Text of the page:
# Race Conditions

hauntarl

``````from pprint import pprint

counter = 0

def change_counter(amount):
global counter
# to keep track of all the threads and total iterations each one is doing
# along with the amount value that thread has been assigned

for _ in range(10000):
counter += amount

global counter
counter = 0
data = [-1 if x % 2 else 1 for x in range(1000)]

# when the num_threads value is 1, the program is synchronous
executor.map(change_counter, data)

print(f'counter value(ideally should be 0): {counter}')
print(f'total iterations (1,000 x 10,000): {sum(thread_iter.values())}')

delta = 0
delta += v if k[1] > 0 else -v
print(f'delta (positive iterations - negative iterations): {delta}')

if __name__ == '__main__':
# race(1)
race(5)  # increase num_threads to consistently achieve race condition

"""
OUTPUT:
{(1272, -1): 960000,
(1272, 1): 1020000,
(5704, -1): 940000,
(5704, 1): 930000,
(7960, -1): 1000000,
(7960, 1): 1050000,
(12428, -1): 1000000,
(12428, 1): 900000,
(12800, -1): 1100000,
(12800, 1): 1100000}
counter value(ideally should be 0): 111490
total iterations (1,000 x 10,000): 10000000
delta (positive iterations - negative iterations): 0
"""
``````

I tried to keep track of each thread, what amount it is using and how many iterations it is doing with that amount.

From the above output, it is clearly visible that each thread is doing different number of iterations for different amount value, but if we take the delta for iterations done for amount = 1 and amount = -1, it comes out as zero. Yet the counter value comes out as some arbitrary number instead of 0.

I am not able to make sense of this output :(

Also I am finding it difficult to walk through the program and understand exactly how the race condition is occurring.

Christopher Trudeau RP Team

Hi hauntarl,

The race condition is a caused by a combination of two things: the variable `counter` being global and shared across all threads, and the fact that the `change_counter()` method can be interrupted at any time.

The crux of the matter is the assumption that “`counter += amount`” can’t be interrupted. If you put a semaphore lock around “`counter += amount`” the code would likely work fine.

I suspect what is happening is that “`counter += amount`” breaks down into several different instructions in the underlying virtual machine and occasionally it is being interrupted midway through those instructions.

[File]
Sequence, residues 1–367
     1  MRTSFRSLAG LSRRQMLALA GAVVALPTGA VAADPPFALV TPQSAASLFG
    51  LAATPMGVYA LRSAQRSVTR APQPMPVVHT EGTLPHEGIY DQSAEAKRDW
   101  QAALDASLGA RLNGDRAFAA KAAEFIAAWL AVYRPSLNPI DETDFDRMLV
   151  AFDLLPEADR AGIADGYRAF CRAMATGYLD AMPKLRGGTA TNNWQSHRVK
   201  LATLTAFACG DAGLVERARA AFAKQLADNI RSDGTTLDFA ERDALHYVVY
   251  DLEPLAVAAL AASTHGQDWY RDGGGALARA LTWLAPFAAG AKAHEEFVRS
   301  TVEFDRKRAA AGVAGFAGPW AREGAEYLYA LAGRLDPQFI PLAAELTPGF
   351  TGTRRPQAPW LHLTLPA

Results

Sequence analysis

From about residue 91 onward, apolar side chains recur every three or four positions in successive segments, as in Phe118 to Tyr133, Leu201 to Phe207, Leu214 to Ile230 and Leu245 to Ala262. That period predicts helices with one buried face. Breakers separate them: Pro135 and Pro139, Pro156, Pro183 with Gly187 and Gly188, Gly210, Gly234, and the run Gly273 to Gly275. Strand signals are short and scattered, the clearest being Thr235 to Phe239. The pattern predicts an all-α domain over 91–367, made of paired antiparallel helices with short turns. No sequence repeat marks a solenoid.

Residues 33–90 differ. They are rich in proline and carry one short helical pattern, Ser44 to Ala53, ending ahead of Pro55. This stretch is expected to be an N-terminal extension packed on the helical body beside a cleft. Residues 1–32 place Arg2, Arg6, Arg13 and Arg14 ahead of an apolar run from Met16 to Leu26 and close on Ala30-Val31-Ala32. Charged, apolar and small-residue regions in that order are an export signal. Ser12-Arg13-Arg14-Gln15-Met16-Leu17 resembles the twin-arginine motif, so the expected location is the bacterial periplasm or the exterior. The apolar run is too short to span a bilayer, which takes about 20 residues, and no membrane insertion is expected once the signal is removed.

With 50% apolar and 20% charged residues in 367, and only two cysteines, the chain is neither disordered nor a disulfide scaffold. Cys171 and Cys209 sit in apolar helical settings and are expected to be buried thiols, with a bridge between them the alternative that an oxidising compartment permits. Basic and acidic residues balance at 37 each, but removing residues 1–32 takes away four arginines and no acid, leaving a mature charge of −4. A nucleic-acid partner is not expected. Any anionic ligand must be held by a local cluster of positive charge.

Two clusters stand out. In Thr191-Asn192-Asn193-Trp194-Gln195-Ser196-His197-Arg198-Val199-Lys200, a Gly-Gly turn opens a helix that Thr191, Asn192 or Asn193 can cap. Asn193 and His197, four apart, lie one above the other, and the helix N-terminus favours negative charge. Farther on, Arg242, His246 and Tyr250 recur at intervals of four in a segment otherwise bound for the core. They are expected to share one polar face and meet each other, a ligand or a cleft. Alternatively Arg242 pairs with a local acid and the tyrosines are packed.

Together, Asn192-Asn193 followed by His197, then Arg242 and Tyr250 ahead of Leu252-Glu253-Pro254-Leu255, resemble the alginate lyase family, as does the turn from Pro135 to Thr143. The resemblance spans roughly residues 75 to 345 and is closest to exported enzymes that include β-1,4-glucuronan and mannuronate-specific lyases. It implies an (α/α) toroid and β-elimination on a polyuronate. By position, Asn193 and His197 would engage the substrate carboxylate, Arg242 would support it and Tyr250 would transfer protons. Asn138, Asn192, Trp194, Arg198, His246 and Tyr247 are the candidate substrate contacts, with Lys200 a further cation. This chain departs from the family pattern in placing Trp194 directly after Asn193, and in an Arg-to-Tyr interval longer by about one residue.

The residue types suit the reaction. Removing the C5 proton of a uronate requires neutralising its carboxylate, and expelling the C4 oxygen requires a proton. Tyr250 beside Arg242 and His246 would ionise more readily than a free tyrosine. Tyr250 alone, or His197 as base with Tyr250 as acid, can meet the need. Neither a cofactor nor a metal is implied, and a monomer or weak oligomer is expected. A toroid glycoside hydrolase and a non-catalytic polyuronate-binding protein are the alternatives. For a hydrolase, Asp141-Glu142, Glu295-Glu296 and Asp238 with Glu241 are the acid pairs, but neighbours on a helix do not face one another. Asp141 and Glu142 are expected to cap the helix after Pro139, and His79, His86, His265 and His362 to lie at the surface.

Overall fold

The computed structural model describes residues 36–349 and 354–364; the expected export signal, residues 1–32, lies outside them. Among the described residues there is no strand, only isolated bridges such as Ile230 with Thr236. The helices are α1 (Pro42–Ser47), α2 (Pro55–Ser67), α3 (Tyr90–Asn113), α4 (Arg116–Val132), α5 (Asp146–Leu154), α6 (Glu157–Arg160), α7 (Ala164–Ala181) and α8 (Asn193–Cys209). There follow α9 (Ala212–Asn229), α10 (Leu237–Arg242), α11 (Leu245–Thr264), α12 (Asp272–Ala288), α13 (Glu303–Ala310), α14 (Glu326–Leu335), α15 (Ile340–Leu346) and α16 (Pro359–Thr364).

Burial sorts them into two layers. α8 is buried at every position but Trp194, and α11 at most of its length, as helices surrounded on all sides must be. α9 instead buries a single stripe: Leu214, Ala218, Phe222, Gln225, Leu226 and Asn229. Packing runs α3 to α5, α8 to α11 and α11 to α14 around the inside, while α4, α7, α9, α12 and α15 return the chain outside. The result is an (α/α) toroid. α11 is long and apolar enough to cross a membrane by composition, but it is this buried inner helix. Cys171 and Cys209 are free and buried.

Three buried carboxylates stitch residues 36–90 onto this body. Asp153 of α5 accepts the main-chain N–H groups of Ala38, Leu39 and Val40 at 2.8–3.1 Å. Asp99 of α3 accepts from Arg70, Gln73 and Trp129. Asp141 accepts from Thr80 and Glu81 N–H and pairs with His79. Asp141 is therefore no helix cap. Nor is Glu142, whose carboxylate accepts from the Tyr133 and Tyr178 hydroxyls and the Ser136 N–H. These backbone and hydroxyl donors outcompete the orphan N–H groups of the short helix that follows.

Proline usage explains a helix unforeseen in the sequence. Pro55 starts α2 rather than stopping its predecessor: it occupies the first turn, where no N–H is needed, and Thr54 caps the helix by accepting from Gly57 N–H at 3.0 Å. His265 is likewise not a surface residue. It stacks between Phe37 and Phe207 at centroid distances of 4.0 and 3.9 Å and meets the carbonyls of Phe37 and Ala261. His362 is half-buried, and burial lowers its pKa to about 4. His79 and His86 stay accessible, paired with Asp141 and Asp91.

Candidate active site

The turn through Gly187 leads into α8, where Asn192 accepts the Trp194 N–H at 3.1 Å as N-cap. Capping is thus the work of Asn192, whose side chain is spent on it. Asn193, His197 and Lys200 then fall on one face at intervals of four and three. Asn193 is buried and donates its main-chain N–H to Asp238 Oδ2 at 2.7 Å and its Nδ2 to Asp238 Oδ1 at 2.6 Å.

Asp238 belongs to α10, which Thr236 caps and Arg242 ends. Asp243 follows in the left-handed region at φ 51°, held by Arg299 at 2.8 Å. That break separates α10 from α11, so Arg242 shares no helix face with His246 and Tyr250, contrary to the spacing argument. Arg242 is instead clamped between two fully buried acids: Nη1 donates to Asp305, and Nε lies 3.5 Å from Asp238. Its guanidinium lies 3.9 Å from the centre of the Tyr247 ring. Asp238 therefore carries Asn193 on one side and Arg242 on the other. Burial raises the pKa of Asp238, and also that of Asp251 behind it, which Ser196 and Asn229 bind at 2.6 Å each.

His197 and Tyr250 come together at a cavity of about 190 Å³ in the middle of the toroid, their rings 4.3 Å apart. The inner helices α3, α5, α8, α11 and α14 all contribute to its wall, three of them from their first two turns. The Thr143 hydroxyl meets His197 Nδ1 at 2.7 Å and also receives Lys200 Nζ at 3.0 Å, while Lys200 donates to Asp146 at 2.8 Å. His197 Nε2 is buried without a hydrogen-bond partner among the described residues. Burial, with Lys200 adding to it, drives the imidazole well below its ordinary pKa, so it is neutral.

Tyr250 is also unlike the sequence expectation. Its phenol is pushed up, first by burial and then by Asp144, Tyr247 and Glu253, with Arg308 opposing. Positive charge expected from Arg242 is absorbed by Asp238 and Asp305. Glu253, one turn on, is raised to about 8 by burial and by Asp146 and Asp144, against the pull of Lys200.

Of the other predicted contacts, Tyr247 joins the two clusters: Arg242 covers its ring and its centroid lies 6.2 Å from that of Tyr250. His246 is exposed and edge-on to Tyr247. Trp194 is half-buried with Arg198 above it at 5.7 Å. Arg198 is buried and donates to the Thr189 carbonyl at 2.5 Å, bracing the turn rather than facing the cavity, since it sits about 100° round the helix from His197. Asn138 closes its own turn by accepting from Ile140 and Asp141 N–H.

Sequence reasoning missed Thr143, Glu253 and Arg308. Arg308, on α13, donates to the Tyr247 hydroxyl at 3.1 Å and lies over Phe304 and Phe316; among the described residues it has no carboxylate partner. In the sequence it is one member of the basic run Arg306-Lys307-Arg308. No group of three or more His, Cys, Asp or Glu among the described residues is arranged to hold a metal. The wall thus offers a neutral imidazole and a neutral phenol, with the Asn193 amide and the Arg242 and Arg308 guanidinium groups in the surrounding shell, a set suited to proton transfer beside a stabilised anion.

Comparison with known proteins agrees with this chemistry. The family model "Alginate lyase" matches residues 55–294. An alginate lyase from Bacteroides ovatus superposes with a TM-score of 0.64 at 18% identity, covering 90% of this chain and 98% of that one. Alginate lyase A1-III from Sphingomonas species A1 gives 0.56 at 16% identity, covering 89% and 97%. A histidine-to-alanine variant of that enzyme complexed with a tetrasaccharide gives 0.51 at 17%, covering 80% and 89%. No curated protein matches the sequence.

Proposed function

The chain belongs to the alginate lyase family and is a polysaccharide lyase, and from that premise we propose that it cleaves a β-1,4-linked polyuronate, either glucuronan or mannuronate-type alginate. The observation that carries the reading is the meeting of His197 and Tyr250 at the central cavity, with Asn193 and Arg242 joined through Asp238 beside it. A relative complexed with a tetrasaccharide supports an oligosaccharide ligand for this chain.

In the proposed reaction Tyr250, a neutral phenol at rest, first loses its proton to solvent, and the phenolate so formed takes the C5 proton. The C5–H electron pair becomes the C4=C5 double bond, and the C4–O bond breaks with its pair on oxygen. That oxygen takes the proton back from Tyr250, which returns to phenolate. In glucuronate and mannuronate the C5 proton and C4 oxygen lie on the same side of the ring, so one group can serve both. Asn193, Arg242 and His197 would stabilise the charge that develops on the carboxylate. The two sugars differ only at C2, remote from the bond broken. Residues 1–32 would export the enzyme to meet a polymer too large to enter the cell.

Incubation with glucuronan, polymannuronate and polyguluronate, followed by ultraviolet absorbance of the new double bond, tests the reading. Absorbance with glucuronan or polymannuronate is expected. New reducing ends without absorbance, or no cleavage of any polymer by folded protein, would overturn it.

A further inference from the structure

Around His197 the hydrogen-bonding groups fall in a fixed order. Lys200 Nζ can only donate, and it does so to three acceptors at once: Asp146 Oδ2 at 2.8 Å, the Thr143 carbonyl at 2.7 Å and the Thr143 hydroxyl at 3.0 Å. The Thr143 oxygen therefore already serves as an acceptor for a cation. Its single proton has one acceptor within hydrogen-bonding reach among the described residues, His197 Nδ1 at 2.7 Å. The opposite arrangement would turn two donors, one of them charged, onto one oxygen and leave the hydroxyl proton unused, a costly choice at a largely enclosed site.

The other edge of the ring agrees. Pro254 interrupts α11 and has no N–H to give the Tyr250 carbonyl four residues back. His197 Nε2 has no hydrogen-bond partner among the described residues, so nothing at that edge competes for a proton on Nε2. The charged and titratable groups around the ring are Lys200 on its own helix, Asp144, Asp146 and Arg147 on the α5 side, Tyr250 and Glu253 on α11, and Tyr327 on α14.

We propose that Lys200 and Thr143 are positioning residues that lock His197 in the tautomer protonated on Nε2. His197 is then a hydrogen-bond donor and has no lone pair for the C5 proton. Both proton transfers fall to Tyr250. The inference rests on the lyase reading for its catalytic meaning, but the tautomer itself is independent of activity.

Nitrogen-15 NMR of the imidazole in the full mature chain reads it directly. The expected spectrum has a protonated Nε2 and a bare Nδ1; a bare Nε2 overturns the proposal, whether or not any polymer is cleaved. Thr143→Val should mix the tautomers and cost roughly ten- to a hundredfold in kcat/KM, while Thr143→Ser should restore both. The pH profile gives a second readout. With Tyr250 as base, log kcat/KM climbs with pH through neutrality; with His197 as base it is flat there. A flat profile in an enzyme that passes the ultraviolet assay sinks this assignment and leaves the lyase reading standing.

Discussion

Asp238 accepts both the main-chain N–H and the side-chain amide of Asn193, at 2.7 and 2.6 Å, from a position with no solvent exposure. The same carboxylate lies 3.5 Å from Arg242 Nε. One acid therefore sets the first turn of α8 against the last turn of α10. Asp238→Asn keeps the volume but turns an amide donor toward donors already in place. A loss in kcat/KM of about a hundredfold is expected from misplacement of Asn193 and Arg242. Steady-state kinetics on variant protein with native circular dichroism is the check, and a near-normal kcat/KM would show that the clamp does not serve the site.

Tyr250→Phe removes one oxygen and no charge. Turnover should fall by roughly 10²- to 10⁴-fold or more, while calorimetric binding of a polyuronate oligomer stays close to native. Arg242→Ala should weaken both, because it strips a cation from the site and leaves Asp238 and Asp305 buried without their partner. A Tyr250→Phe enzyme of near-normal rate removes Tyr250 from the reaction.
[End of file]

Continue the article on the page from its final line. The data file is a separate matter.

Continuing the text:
The code you added to try to show the problem happening is only recording the state outside of the problem area: after the increment/decrement is done. To truly instrument the problem you would have to be able to inspect the value of “`counter`” during the “`counter += amount`” statement.

The reason I used two large `ranges` (once in the “data” variable, the second in the `for`-loop in `change_counter()` ) was to increase the likelihood of just such an interruption. If you drop those numbers down to lower values you might have to run the program a large number of times before you run into a problem – this is what makes race conditions so brutal to catch in real life.

hauntarl

Thanks for the wonderful explanation, I think I finally get it.

If we try to breakdown the statement `counter += amount` in a 2 threaded system:

• evaluation of expression `counter + amount`: (Read operation)

thread1: `counter = 0`, `amount = 1`, evaluation results in `1`

thread2: `counter = 0`, `amount = -1`, evaluation results in `-1`

As there is no mutual exclusion, both the threads simultaneously read the same “counter” and are trying to add “amount” to it.

This here is a race condition as no thread is willing to wait for the other one to update the counter value after its evaluation, which results in one of them using the old counter value depending on which thread is able to perform write operation first.

• assignment operation `counter = evaluated value`: (Write operation)

thread1: `counter = 1`

thread2: `counter = -1`

Let us assume that “thread1” is able to perform the write operation before “thread2”, the new “counter” value becomes 1, soon after “thread2” performs its own write operation and writes -1 to the “counter” Finally the counter value results in -1, instead of 0 :)

Correct me if I am wrong and feel free to provide more input.

Christopher Trudeau RP Team

Hi hauntarl,

Yep, you’ve got the right idea. The specifics are slightly different, but conceptually you’ve got it.

Remember that Python is an interpreted language. Statements in Python get translated into a series of steps called byte code, it is the byte code that actually gets run by the interpreter. Why do I bring this up? Because even things that look like single statements in Python aren’t necessarily atomic.

You can see the bytes that are run by the interpreter using the “`compile()`” built-in and the “`dis`” library:

``````>>> counter = 0
>>> amount = 1
>>> code = compile("counter += amount", "<string>", "exec")
>>> code
<code object <module> at 0x7fe81635ec90, file "<string>", line 1>
>>> import dis
>>> dis.disco(code)
6 STORE_NAME               0 (counter)
10 RETURN_VALUE
``````

Notice here that “`counter += amount`” turns into 6 separate byte code operations, and the thread interruption can happen during any of these steps.

The problem is the same as you described, just worse – there are five different places that this thing that looks like a single statement can get interrupted. This only gets worse for any larger chunk of code.

Satish

The sum total of the multiplication factors is not the same as the synchronous addition, so you get a race condition. ” This doesn’t intuitively explain why the race condition occurs as already pointed out in earlier comments . Essentially :

1. Multiple threads could be reading the same state of a particular variable ( in this case `counter` ) .